The newscaster announced the desert wildflower bloom this year was the best in 20 years. The finest destinations: Anza-Borrego Desert State Park and Joshua Tree National Park. We looked at each other and smiled. “Let’s do it.”
The next morning we left early. The car pulled onto the highway in San Diego, climbed the mountains, and two hours later we were in the Anza-Borrego desert with cameras in hand, snapping photos.
Of all the images this one may tell the tale the best: the mountains in the background, sand under our feet, and the hot pink of the desert sand verbena (abronia villosa) against the little white popcorn flower (cryptantha angustifolia).
One of the first and best flowers we saw was wild heliotrope (phacelia distans).
The desert sunflower (geraea canescens), despite what you might think from its name, is a fairly short plant.
Desert chicory (rafinesquia neomexicana) has subtle pinkish-green stripes which can be seen on the bud at the right of the photo. We photographed this flower many times in an early-blooming profile, and it was striking. Only later did we realize it was the same flower.
We had started out in an open desert area with no else in sight. After we’d photographed many of the flower species close by, we walked to the park visitor’s center. Having a few brochures for wildflower ID and hints of where to find the flowers would be helpful in our search. Time to head for the north end of Di Giorgio Road.
We only saw a few Spanish needle (palafoxia arida) plants.
Several Arizona lupine (lupinus arizonicus) plants were scattered around a bush, and then we didn’t see them any place else that day.
One of the most common plants we saw was the brown-eyed evening-primrose (camissonia claviformis).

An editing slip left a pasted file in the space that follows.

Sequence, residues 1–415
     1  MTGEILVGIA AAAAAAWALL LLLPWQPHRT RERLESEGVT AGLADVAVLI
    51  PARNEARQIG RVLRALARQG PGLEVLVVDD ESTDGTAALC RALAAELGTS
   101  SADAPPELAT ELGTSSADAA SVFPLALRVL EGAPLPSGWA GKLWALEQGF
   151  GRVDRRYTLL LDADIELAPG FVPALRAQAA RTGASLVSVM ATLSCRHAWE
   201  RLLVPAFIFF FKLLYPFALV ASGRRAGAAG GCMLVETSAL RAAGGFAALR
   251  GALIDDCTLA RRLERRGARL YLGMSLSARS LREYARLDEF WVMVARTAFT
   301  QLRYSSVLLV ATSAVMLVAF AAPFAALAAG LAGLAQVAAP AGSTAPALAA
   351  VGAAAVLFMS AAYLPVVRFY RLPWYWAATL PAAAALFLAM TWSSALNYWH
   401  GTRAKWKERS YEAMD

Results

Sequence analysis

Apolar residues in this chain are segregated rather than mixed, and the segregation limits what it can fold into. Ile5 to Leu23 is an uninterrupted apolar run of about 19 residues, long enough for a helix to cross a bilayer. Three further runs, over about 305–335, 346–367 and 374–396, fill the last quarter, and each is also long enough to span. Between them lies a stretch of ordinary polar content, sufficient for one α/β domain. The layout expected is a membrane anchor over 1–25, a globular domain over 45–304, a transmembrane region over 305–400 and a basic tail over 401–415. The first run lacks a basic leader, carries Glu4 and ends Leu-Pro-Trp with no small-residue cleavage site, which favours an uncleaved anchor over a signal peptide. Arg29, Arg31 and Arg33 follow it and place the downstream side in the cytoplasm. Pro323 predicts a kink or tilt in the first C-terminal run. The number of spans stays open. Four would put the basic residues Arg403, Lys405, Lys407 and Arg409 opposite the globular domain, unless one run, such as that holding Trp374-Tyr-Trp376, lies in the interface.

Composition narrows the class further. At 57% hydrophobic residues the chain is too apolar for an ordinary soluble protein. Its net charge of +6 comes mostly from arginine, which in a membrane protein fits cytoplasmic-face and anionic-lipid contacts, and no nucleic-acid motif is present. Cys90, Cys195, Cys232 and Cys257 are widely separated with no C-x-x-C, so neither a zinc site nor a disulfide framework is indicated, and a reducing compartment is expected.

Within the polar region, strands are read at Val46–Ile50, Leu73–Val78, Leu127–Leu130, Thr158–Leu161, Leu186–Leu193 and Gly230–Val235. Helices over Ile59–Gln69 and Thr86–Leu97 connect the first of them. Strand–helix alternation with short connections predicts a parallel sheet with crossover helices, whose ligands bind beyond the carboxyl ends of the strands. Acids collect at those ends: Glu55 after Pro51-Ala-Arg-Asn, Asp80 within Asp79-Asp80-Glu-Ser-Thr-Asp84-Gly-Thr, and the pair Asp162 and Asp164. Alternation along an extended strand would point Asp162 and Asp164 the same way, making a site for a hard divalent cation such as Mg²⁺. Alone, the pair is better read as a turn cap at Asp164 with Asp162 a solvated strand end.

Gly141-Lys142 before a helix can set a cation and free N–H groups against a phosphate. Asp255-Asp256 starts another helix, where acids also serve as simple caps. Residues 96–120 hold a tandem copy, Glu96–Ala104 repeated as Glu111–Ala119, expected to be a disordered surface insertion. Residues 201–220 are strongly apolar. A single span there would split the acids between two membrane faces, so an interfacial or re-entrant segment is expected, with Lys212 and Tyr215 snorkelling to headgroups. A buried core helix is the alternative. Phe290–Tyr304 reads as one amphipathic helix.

The largest flower we photographed was on the California barrel cactus (ferocactus cylindraceus).
Wildflower bloom is dependent on winter rains. Anza-Borrego received 7” this winter, the most it’s had since 1999. The result is a “superbloom.” Even though there’s always something blooming between February and September, the peak of the viewing season is mid-March.
We noticed a long, slender-leafed plant on our February visit to Anza-Borrego and wondered what it was. Now we knew: the desert lily (hesperocallus undulate). The distinctive leaf is in the lower left of the photo.
Another white flower was the dune evening primrose (oenothera deltoids), which closes in the heat of the day.
We studied the wildflower brochures over lunch and thought the spectacle pod (dithyrea californica) would be a very interesting flower to see – and it was.
Most of the desert wildflowers are not imposing plants. We forgot how very small some of the plants were and that their flowers were even smaller. Some of these blooms were less than ½” (1 cm) wide.
Purple mat (nama demissum) dotted the desert floor.
We used the macro setting to photograph yellow sun cups (camissonia brevipes). It wasn’t until we looked at the flowers on the computer screen that we saw their details.
Salton milkvetch (astragalus crotalariae), the small reddish-purple flowers, and Mojave desert star (monomptilon bellioides), daisy-like flowers, filled a barren area covered in very fine gravel.
We only saw one of these plants and the flowers were so small we almost missed it. What is it?
We were only able to see a fraction of the many wildflower species blooming in the desert. If we had to do it again, we would have planned our visit at peak season and stayed a few days. We heard that next winter is supposed to have a lot of rain, so the blooms should be spectacular. Maybe it’s worth planning a visit?